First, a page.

The appearance of infantile hemangiomas depends in their location within the skin. Those situated in the superficial dermis because of their appearance as brightred, raised nodules, are commonly termed strawberry hemangiomas. Infantile hemangiomas deep in the reticular dermis give the appearance of soft masses with a blue tone and normal overlying skin. In some instances, this neoplasm may have both superficial and deep elements.

Lèauté-labréze12 treated 11 infants with propranolol at the dosage of 3 mg/kg/day and found a significant change of colour and softness of hemangiomas within 24 hours. The age range promising results ranges considerably.11

Individual β-blockers vary with regard to their β receptor selectivity, intrinsic stimulatory activity, lipid solubility and membrane-stabilising effects. Stimulation of β1 receptors increases inotropy, chronotropy and automaticity in the heart, while β2 receptor stimulation results in bronchodilatation and enhanced glucogenesis. Most infant hemangiomas are in anatomically neutral locations and involute without intervention. Treatment of anatomical ulceration is also important.43

Most groups have used a dose of 1 to 3 mg/kg/day for the treatment of infantile hemangiomas. The majority performs baseline cardiology investigations prior to commencing propranolol in outpatients.27,47

Currently, propranolol is widely used and is recommended as the first-line treatment for infantile hemangiomas in some sites, especially the airway.48 Treatment of intractable infantile hemangiomas is still challenging, especially in patients with cervical infantile hemangiomas. In this case, partial resection and sclerotherapy was used, but the patient's mixed-type infantile hemangiomas had not regressed after 1 year.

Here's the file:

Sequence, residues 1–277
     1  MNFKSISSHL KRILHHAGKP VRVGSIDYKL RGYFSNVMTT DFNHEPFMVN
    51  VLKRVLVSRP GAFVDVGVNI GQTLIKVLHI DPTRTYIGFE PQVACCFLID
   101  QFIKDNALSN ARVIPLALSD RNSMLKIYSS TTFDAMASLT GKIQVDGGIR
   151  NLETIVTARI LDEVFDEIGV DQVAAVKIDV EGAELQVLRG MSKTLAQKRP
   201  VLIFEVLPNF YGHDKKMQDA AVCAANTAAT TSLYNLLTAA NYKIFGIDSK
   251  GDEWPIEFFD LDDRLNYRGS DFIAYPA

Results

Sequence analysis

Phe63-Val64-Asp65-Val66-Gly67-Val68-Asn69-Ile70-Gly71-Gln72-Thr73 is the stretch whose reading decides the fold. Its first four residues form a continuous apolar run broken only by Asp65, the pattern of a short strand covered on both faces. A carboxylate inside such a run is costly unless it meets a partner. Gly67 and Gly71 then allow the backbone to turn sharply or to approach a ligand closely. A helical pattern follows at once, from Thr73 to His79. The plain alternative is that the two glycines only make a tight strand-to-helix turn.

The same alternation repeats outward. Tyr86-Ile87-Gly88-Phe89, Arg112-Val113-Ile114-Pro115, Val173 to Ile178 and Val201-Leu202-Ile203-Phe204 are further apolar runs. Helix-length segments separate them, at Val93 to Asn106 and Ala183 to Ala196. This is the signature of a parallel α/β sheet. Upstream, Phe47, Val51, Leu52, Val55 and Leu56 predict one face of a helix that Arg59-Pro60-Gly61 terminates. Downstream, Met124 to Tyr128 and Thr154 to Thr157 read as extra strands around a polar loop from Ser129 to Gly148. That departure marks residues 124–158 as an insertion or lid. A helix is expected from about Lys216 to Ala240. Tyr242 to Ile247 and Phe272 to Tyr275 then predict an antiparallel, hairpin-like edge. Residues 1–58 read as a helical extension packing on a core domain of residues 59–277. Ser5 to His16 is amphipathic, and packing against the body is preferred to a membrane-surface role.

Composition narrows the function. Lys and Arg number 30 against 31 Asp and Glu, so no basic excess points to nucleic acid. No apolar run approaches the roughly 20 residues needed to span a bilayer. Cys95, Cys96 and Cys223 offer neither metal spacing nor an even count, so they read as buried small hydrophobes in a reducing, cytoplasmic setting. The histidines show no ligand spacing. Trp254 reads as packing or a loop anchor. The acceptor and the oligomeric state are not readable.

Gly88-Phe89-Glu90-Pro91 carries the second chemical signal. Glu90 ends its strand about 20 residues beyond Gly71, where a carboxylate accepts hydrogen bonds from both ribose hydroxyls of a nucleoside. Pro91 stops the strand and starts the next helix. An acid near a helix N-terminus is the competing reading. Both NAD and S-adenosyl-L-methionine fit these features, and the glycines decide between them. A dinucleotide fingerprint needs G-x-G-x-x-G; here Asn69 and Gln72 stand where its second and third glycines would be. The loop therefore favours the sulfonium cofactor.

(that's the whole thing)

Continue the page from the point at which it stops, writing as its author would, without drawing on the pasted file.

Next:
There are several therapies for the treatment of infantile hemangiomas (Table 1). The first-line therapy to treat infant hemangiomas is cortisol or propranolol. In 50 out of 85 patients (85%), propranolol was used as the first-line therapy. However, propranolol has also been successfully used for treatment of segmental infantile hemangiomas in PHACES syndrome without reduction of brain perfusion.39 However, many clinicians are reluctant to use propranolol in this setting because of concern regarding stroke risk in patients with agenesis or dysgenesis of the carotid circulation.39,40



While propranolol's general mechanism of action is well established as an orthostatic antagonist of β1 and β2 adrenergic receptors, the mechanism of action on infantile hemangioma remains uncertain. It has been suggested that propranolol may exert its effective via vasoconstriction of the high-flow blood vessels feeding the infant hemangioma tumor or through inhibition of angiogenesis via hypoxiainducible factor (HIF) -α mediated inhibition of VEGA-A,41 matrix metalloproteinase and ILA6 (proangiogenic cytokine). It has also been proposed that propranolol acts by suppressing rennin production, which in turn leads to reduced VEGF secretion from mesenchymal stem cells, and a shift from vasculogenesis from mesenchymal stem cells, and a shift from vasculogenesi to adipogenesis.

In pediatric cardiology practice, propranolol is used to treat tachycardia, congestive heart disease, and symptoms related to congenital heart disease. Doses as high as 17/mg/day are used in these settings. The use of propranolol for the treatment of infantile hemangiomas has been used for the first time by Léauté-Labrèze et al.12 Further research is required to ensure that the doses recommended for the treatment of infantile hemangiomas are evidence-based. Such research may result in an improvement in the efficacy of propranolol in neonates.



This work has been supported by the Ministry of the University and Scientific and Technologic Research (Rome, Italy). The author thanks Dr. Patria Ciucci, Dr. Rosa Baviello and Dr. Ida Bertolini, of the Medical Library of the University of Pisa, for the prompt retrieval of the literature. A particular thanks to Dr. Vanna Pistotti, of the Library of the Institute for Pharmacological Research Mario Negri (Milan, Italy), who performed the bibliographic search with EMBASE.